If you have anything that your users might want private, it’s highly advisable to use only HTTPS to deliver it. That of course means credit card and login pages (and the URLs they submit to) but typically far more of your site too. A login form will often set a cookie for example, which is sent with every other request to your site that a logged in user makes, and is used to authenticate those requests. An attacker stealing this would be able to perfectly imitate a user and take over their login session. To defeat these kind of attacks, you almost always want to use HTTPS for your entire site.

    That’s no longer as tricky or expensive as it once was though. Let’s Encrypt provides totally free and automated certificates, which you’ll need to enable HTTPS, and there are existing community tools available for a wide range of common platforms and frameworks to automatically set this up for you.

    Notably Google have announced that they will boost you up in the search rankings if you use HTTPS, giving this an SEO benefit too. There’s a stick to go with that carrot though: Chrome and other browsers are planning to put bigger and bigger warnings on every site that doesn’t do this, starting from January 2017. Insecure HTTP is on its way out, and now’s the time to upgrade.

    Already using HTTPS everywhere? Go further and look at setting up HTTP Strict Transport Security (HSTS), an easy header you can add to your server responses to disallow insecure HTTP for your entire domain.

    9. Website security tools

    Once you think you have done all you can then it’s time to test your website security. The most effective way of doing this is via the use of some website security tools, often referred to as penetration testing or pen testing for short.

    There are many commercial and free products to assist you with this. They work on a similar basis to scripts hackers will use in that they test all know exploits and attempt to compromise your site using some of the previous mentioned methods such as SQL injection.

    Some free tools that are worth looking at:

    • Netsparker (Free community edition and trial version available). Good for testing SQL injection and XSS

    • OpenVAS. Claims to be the most advanced open source security scanner. Good for testing known vulnerabilities, currently scans over 25,000. But it can be difficult to setup and requires a OpenVAS server to be installed which only runs on *nix. OpenVAS is fork of a Nessus before it became a closed-source commercial product.

    • SecurityHeaders.io (free online check). A tool to quickly report which security headers mentioned above (such as CSP and HSTS) a domain has enabled and correctly configured.

    • Xenotix XSS Exploit Framework – A tool from OWASP (Open Web Application Security Project) that includes a huge selection of XSS attack examples, which you can run to quickly confirm whether your site’s inputs are vulnerable in Chrome, Firefox and IE.

    The results from automated tests can be daunting, as they present a wealth of potential issues. The important thing is to focus on the critical issues first. Each issue reported normally comes with a good explanation of the potential vulnerability. You will probably find that some of the medium/low issues aren’t a concern for your site.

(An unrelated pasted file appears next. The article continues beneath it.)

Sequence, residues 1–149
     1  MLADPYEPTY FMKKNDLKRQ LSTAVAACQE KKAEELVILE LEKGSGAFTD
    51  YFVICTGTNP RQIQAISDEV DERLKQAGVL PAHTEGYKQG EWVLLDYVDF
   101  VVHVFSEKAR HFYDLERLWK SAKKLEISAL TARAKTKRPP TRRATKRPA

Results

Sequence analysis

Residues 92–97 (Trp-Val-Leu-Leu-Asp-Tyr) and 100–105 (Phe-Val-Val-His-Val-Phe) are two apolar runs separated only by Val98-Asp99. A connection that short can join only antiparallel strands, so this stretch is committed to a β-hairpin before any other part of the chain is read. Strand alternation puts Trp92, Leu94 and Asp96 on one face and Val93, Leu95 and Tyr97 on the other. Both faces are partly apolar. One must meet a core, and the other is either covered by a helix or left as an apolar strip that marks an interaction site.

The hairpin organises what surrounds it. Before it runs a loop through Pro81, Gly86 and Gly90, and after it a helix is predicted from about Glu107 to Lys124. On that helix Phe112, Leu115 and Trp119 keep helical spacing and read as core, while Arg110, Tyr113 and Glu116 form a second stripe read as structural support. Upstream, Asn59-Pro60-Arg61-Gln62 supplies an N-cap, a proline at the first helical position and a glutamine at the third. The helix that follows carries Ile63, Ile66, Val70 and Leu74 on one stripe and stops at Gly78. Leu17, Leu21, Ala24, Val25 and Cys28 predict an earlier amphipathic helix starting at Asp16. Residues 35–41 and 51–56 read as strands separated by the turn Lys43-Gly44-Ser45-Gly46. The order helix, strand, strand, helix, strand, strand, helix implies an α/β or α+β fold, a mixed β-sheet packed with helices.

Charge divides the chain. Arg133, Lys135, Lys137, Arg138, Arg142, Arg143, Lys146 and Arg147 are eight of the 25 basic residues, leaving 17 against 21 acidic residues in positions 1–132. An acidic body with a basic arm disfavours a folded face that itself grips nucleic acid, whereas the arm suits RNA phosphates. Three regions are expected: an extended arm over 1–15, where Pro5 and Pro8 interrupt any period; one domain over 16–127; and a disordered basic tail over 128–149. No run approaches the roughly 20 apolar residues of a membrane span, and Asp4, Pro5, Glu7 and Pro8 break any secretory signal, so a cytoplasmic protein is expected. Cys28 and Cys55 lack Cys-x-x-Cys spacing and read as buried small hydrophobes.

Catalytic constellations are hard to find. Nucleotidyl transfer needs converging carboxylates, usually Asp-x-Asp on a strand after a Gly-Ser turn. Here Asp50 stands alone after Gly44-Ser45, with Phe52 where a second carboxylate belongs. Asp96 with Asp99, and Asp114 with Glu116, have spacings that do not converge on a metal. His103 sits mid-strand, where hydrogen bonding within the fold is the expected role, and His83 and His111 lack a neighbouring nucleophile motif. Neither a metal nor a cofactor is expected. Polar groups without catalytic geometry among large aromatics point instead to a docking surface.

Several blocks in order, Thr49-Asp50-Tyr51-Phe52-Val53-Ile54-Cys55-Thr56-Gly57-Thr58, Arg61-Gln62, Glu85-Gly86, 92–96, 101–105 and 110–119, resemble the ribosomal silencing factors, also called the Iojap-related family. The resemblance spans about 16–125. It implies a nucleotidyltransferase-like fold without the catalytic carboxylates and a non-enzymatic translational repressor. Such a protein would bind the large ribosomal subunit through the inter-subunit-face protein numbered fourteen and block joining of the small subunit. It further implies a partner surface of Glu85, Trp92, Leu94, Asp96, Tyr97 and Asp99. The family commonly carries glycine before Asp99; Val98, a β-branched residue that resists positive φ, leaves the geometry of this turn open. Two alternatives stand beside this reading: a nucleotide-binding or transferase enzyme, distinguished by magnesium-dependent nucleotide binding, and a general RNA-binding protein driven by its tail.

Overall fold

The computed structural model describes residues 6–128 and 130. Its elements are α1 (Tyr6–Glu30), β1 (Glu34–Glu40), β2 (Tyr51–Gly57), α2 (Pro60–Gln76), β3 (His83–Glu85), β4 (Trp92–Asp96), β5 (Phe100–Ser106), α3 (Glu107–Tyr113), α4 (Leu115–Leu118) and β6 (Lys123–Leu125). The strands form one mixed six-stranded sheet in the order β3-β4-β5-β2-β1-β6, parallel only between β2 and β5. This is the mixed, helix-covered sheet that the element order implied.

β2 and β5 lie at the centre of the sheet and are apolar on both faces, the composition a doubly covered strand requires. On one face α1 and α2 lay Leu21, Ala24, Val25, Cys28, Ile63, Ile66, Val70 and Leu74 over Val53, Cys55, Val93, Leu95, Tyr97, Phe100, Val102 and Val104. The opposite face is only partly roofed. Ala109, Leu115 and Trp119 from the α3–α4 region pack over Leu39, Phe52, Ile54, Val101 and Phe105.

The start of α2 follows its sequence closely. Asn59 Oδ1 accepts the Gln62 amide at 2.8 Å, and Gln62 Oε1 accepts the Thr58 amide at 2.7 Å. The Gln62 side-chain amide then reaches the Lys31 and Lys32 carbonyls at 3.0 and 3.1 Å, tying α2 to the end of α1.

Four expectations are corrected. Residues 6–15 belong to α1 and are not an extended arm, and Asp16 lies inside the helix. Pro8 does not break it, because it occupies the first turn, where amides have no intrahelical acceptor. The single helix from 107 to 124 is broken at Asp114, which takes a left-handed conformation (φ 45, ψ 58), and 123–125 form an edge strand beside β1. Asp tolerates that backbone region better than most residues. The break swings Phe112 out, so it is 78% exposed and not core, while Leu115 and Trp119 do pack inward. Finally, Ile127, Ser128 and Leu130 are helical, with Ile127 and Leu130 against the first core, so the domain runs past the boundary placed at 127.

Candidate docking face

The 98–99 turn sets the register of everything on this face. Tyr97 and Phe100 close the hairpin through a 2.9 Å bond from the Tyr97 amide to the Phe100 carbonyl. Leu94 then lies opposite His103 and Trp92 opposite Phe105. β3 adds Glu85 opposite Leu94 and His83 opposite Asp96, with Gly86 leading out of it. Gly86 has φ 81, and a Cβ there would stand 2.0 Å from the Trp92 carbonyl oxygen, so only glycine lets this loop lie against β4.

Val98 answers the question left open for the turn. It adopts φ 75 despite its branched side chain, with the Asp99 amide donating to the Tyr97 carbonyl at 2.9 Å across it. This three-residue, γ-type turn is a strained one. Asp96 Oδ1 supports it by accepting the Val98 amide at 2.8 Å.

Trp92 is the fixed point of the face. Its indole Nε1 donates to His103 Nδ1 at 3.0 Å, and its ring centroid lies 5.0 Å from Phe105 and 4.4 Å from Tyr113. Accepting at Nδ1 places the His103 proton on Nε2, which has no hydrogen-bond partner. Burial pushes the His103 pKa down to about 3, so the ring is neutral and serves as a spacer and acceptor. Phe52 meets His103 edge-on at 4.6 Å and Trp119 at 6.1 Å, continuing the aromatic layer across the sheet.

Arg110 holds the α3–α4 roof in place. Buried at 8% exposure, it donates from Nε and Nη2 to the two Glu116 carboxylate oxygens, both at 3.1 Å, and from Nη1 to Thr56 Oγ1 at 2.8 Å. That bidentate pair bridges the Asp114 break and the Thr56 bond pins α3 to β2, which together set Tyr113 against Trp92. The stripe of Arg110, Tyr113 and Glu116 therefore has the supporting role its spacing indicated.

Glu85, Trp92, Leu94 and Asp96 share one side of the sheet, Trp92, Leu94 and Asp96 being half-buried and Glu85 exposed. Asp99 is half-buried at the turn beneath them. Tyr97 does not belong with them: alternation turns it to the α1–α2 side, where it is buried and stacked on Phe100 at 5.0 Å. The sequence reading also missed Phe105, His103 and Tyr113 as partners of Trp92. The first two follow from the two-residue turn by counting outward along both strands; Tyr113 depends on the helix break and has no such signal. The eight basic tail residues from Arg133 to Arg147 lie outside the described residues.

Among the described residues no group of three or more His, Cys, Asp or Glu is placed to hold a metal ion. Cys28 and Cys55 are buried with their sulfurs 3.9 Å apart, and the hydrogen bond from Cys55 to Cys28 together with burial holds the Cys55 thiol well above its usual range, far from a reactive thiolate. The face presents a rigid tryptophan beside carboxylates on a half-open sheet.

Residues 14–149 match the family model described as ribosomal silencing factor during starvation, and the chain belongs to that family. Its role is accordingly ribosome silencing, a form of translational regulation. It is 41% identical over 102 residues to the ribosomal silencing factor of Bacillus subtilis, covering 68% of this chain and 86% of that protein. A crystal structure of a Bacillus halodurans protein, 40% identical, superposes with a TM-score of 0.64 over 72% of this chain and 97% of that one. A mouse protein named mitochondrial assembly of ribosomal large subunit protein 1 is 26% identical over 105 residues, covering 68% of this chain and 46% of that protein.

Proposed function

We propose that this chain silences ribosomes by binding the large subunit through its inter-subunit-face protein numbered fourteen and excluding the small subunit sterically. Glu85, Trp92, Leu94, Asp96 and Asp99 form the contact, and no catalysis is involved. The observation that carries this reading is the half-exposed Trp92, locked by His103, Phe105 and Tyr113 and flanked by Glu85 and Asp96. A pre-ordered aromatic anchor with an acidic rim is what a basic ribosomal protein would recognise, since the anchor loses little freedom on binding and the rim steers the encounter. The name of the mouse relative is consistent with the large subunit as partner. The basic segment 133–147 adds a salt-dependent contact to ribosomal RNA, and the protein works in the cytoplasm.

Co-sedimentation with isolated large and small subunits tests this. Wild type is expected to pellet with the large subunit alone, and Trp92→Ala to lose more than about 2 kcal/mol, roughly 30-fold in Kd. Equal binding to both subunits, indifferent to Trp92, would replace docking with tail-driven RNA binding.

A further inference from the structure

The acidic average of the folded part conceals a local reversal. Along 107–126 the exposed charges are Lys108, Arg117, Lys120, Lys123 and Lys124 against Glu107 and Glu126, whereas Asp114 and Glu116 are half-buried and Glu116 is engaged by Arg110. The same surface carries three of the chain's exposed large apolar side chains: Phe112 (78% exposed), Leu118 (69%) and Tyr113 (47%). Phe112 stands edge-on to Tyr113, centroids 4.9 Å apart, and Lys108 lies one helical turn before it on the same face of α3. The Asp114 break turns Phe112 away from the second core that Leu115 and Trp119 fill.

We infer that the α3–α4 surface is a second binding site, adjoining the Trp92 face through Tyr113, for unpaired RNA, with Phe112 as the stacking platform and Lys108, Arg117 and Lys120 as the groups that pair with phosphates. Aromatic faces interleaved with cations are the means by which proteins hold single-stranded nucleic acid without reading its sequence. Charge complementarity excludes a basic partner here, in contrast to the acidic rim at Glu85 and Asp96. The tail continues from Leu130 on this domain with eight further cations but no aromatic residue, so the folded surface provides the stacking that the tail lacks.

If you wish to take things a step further then there are some further steps you can take to manually try to compromise your site by altering POST/GET values. A debugging proxy can assist you here as it allows you to intercept the values of an HTTP request between your browser and the server. A popular freeware application called Fiddler is a good starting point.

    So what should you be trying to alter on the request? If you have pages which should only be visible to a logged in user then I would try changing URL parameters such as user id, or cookie values in an attempt to view details of another user. Another area worth testing are forms, changing the POST values to attempt to submit code to perform XSS or to upload a server side script.

    Hopefully these tips will help keep your site and information safe. Thankfully most CMSes have a lot of inbuilt website security features, but it is a still a good idea to have knowledge of the most common security exploits so you can ensure you are covered.

    There are also some helpful modules available for CMSes to check your installation for common security flaws such as Security Review for Drupal and Wordfence Security for WordPress.

    If you found this information helpful or have any security tips of your own, let us know!

    Tips for Awesome Website Content

    Tips for Awesome Website Content

    Compelling and Informative

    Many companies miss the point of having a website. Too often a grand marketing vision gets in the way of presenting useful information. The copy must be written with your customer in mind.

    Here’s how many websites are developed. The decision-makers gather around the conference table and begin brainstorming. “Our website should include our mission statement so visitors know what guides us,” says one executive.

    “It should look and sound professional, so let’s use stock photos and have Mary write the copy because she was an English major in college,” says another.

    “We should have a page with all our products. But let’s not put too many details or prices because we want visitors to have to contact us,” says a third.